astroengine writes "With the help of Europe's Herschel Space Observatory and the Atacama Large Millimeter/submillimeter Array (ALMA) in Chile, a team of astronomers have made a lucky discovery about TW Hydrae, the nearest star to the solar system that plays host to a protoplanetary disk. Not only have they gained a more precise estimate of the mass of the material inside the protoplanetary disk, they've also found that it may produce a system of worlds similar to that of the solar system. TW Hydrae may look like the solar system did over 4 billion years ago (abstract). Interestingly, TW Hydrae is also a star that would normally be considered too mature to host a protoplanetary disk. "If there's no chance your project can fail, you're probably not doing very interesting science. TW Hydrae is a good example of how a calculated scientific gamble can pay off," said Thomas Henning, of the Max Planck Institute for Astronomy in Heidelberg."
Science

Interviews: Ask James Randi About Investigating the Truth 386

Posted by samzenpus
from the I-aint-afraid-of-no-ghosts dept.
Better known by his stage name "The Amazing Randi", James Randi has made it his quest to "debunk psychic nonsense, disprove paranormal fakers, and squash claims of pseudoscience in order to bring the truth to the forefront." Randi worked as a popular magician most of his life and earned international fame in 1972 when he accused the famous psychic Uri Geller of being a fraud and challenged him to prove otherwise. In 1996 Randi founded The James Randi Educational Foundation (JREF) a non-profit organization whose mission includes "educating the public and the media on the dangers of accepting unproven claims, and to support research into paranormal claims in controlled scientific experimental conditions." He began offering $1000 in 1964 to anyone who could demonstrate proof of the paranormal. That amount has grown over the years, and the foundation's prize for such proof is now $1M. Around 1000 people have tried to claim the prize so far without success. Randi has agreed to take a break from busting ghostbusters and giving psychic healers a taste of their own medicine in order to answer your questions. As usual, you're invited to ask as many questions as you'd like, but please divide them, one question per post.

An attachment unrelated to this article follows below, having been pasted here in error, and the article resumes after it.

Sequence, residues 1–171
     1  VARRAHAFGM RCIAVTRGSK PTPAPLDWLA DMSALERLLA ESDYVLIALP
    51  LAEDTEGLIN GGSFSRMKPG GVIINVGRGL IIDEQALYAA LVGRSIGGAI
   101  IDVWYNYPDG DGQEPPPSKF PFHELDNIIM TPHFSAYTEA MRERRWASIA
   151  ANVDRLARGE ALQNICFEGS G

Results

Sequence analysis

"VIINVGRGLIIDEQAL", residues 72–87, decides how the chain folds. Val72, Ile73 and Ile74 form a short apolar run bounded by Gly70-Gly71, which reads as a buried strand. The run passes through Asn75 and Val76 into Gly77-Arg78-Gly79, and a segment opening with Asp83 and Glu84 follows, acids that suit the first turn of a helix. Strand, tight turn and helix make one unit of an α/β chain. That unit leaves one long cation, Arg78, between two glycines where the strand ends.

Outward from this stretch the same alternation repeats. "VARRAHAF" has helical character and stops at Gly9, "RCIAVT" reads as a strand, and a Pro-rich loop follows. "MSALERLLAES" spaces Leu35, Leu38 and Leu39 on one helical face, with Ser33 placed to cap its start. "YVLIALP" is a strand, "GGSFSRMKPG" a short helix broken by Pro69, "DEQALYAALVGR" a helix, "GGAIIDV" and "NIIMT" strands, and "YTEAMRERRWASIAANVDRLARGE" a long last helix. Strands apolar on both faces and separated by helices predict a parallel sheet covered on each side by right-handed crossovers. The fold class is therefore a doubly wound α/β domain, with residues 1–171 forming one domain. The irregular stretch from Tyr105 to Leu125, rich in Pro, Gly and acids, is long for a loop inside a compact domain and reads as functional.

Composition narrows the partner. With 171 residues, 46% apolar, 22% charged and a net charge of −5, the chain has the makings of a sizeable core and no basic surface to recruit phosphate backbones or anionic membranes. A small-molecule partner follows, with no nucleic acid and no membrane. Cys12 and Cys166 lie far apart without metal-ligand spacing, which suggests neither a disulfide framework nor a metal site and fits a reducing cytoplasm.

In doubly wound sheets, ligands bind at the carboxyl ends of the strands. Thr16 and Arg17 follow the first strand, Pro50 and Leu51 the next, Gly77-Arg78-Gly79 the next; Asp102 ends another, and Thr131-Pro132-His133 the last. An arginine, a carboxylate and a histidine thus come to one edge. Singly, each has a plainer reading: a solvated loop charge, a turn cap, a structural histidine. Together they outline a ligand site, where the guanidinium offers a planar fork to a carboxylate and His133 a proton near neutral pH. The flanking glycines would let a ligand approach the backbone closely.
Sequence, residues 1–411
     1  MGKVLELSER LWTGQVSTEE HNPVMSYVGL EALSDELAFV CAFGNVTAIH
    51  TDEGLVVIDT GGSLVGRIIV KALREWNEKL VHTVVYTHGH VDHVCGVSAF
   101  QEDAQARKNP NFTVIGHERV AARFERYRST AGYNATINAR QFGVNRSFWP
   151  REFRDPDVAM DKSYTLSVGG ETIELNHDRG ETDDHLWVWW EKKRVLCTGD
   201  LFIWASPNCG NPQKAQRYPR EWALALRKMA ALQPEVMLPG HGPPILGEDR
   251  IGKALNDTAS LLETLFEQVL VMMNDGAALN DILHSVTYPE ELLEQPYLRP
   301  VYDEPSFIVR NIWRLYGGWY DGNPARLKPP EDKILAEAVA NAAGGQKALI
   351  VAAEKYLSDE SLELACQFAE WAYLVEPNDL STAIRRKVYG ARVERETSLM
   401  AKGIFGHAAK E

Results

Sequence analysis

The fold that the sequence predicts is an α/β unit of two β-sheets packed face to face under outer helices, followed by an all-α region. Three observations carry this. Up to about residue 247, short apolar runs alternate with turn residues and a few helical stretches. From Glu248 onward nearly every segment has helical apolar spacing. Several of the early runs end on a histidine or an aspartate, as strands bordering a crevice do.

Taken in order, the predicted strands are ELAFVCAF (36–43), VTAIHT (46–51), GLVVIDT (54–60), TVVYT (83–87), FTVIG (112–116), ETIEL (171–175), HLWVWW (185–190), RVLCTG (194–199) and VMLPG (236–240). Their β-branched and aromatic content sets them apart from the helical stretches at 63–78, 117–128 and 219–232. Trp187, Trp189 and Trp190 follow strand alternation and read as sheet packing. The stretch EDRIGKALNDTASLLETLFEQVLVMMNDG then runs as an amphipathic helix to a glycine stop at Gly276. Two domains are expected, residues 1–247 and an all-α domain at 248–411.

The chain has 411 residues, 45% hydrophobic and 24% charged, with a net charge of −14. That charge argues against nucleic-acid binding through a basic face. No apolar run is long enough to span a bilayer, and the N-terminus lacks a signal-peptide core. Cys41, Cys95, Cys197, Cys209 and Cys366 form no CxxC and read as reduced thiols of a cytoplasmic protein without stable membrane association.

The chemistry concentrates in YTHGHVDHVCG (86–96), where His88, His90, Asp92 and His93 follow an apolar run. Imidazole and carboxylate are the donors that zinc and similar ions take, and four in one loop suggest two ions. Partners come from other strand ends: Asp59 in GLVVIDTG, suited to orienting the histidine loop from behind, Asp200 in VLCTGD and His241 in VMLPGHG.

Medicine

Polymer Patches May Enable Effective DNA Vaccines 83

Posted by Unknown Lamer
from the thousands-of-micro-needles dept.
Zothecula writes "Taking a two-month-old in for vaccination shots and watching them get stuck with six needles in rapid succession can be painful for child and parent alike. If the work of an MIT team of researchers pans out, those needles may be thing of the past thanks to a new dissolvable polymer film that allows the vaccination needle to be replaced with a patch. This development will not only make vaccinations less harrowing, but also allow for developing and delivering vaccines for diseases too dangerous for conventional techniques." The patch was designed with delivering DNA-based vaccines in mind. Thus far efforts to use DNA to generate more robust and safe vaccines has failed thanks to the immune system destroying them; the polymer film embeds itself in your skin and slowly dissolves, protecting the DNA in the process.
Biotech

Putting Biotech Threats In Context 117

Posted by Soulskill
from the terrorists-will-make-your-elbows-melt dept.